RICHMOND, Va.—NASCAR chairman and CEO Brian France couldn’t have been more emphatic when he met with the Associated Press Sports Editors on Thursday in New York City.
Safety remains the sanctioning body’s number one priority, France said, and with that assertion came a ray of hope for Joe Gibbs Racing driver Kyle Busch, who was sidelined at Daytona International Speedway in February after a crash that broke his right leg and left foot.
Busch’s No. 54 Toyota slammed nose-first into a concrete wall unprotected by SAFER barriers during a NASCAR XFINITY Series race the day before the Daytona 500. Because Busch’s injuries resulted from what France considers a safety lapse, NASCAR will try to find a way to give Busch a path to the Chase for the NASCAR Sprint Cup.
“Depends on when he comes back, of course,” France told the Associated Press, “but it’ll be more likely than not that we’re going to try to figure out how to accommodate him, which is the beauty of our playoff system.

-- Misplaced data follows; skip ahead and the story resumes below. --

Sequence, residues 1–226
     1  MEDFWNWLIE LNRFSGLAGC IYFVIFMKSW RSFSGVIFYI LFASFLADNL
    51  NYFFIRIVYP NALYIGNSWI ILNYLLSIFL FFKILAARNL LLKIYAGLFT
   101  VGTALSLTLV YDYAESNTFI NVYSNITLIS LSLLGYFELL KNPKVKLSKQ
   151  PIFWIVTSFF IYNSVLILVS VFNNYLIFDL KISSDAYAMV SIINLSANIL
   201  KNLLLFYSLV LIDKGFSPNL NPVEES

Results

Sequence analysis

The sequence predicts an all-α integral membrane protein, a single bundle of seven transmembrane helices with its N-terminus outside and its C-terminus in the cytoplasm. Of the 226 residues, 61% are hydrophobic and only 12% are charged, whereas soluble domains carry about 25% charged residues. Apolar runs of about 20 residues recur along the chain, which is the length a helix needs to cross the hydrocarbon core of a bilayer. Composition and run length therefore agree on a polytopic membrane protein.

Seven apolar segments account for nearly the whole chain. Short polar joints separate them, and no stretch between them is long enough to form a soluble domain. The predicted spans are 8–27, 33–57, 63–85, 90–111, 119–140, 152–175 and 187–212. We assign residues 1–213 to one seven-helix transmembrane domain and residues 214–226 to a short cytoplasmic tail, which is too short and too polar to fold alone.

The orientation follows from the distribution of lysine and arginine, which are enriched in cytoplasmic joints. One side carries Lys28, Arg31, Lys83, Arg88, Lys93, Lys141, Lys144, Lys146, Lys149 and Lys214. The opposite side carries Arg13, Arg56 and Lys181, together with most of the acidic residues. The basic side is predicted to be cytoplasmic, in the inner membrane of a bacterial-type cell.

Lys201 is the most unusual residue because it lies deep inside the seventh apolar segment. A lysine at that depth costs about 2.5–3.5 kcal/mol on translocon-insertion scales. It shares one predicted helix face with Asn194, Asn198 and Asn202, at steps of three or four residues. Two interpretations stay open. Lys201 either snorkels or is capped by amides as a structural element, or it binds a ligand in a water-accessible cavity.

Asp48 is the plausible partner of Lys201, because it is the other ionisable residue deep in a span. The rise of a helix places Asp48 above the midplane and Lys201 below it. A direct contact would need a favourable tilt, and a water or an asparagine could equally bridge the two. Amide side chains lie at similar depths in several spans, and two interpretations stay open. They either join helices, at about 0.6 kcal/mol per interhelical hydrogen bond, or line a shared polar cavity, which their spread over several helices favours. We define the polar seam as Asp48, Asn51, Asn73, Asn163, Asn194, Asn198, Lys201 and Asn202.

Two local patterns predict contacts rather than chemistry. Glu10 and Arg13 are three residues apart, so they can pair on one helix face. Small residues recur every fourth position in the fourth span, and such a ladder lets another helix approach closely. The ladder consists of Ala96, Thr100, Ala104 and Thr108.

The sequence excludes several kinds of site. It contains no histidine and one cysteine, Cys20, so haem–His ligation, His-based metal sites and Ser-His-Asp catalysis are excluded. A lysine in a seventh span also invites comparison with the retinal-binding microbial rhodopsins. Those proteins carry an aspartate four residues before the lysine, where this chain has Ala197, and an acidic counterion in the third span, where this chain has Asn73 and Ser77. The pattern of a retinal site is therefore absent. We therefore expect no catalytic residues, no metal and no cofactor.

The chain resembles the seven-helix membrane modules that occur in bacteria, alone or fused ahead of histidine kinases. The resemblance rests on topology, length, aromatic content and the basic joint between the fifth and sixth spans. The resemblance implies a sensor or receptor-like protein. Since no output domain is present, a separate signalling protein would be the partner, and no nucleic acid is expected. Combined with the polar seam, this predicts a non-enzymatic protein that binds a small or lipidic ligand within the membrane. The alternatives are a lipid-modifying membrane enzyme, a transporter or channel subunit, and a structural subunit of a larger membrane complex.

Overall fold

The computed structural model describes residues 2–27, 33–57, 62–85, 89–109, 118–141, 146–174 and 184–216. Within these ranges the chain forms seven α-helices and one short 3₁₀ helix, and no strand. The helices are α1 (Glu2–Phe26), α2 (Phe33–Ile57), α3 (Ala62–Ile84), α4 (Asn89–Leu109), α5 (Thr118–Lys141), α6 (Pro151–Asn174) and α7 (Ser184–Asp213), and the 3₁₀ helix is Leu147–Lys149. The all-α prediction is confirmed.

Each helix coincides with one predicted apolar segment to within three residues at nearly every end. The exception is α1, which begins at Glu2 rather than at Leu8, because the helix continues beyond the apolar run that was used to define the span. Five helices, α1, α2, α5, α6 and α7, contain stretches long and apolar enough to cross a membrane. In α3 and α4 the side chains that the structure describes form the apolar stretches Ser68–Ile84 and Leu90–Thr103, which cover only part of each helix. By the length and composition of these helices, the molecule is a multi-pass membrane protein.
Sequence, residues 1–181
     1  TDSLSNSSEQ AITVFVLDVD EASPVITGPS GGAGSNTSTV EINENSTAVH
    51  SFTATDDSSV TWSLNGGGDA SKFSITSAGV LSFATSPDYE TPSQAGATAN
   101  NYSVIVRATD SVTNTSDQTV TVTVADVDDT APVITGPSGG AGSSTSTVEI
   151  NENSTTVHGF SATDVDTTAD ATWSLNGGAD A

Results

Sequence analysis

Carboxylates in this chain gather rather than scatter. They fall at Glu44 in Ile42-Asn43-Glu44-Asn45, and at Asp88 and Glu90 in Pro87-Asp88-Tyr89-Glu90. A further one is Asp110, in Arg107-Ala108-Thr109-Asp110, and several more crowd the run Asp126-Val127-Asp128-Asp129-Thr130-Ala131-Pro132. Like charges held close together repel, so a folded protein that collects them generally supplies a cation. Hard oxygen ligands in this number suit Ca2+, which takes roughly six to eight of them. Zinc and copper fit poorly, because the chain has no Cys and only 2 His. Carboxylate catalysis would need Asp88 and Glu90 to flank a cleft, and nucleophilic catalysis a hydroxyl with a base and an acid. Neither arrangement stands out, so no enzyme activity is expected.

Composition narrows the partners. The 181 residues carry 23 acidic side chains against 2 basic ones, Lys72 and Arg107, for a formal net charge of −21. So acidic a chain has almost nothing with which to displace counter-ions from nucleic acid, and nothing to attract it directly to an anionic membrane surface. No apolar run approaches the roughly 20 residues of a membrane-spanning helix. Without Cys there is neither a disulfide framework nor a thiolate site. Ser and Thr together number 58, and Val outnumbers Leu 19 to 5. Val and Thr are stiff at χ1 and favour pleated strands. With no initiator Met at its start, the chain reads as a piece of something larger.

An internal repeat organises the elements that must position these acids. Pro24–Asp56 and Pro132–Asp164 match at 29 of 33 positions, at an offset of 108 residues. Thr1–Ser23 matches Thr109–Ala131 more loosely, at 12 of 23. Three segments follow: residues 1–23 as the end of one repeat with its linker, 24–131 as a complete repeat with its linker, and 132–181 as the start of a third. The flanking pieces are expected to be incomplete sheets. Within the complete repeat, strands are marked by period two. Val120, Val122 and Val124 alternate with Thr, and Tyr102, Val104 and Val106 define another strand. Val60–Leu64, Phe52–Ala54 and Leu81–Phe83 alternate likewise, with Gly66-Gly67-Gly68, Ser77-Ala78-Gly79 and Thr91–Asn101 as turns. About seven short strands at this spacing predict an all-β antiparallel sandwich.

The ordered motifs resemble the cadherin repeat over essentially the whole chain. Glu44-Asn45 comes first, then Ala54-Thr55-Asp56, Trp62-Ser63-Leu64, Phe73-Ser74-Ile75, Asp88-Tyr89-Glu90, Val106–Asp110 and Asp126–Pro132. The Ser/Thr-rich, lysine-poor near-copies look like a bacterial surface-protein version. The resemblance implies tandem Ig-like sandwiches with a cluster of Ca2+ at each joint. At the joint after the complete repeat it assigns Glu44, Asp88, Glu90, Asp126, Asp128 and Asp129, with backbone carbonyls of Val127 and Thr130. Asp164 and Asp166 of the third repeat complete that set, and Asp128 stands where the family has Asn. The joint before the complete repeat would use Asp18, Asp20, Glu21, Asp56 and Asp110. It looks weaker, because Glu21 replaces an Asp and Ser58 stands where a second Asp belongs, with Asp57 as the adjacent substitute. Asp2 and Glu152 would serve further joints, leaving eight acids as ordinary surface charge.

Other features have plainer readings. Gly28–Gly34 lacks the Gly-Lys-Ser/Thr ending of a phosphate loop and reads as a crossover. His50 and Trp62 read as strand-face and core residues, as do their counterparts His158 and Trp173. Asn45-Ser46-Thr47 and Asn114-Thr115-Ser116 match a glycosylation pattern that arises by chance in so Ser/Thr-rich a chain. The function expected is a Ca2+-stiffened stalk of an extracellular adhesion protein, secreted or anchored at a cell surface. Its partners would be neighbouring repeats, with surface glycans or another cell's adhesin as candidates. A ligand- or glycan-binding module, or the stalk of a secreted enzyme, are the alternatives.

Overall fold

“What happened to him was on us. We’ll balance a lot of things at that point, when we have to make a decision, but we’re inclined to want to figure that out for sure.”
For Busch to be eligible for the Chase, NASCAR would have to grant a waiver—and perhaps more. Already this year, NASCAR has granted waivers to Kurt Busch, who was suspended for three races, and to Kyle Larson, who missed the Sprint Cup Series race at Martinsville after fainting during an autograph session the day before.
Beyond that, a driver who receives a waiver must win a race and finish the 26-race regular season in the top 30 in the series standings to remain eligible for the Chase.
Busch may need NASCAR to give him a pass on the top 30 rule, as well. Last year, David Gilliland was 30th after 26 races with 407 points, and with each passing race Busch misses, a comparable total would become more elusive.
Drivers can score a maximum of 48 points in a race, a number that includes three bonus points for winning, one point for leading a lap and another point for leading the most laps.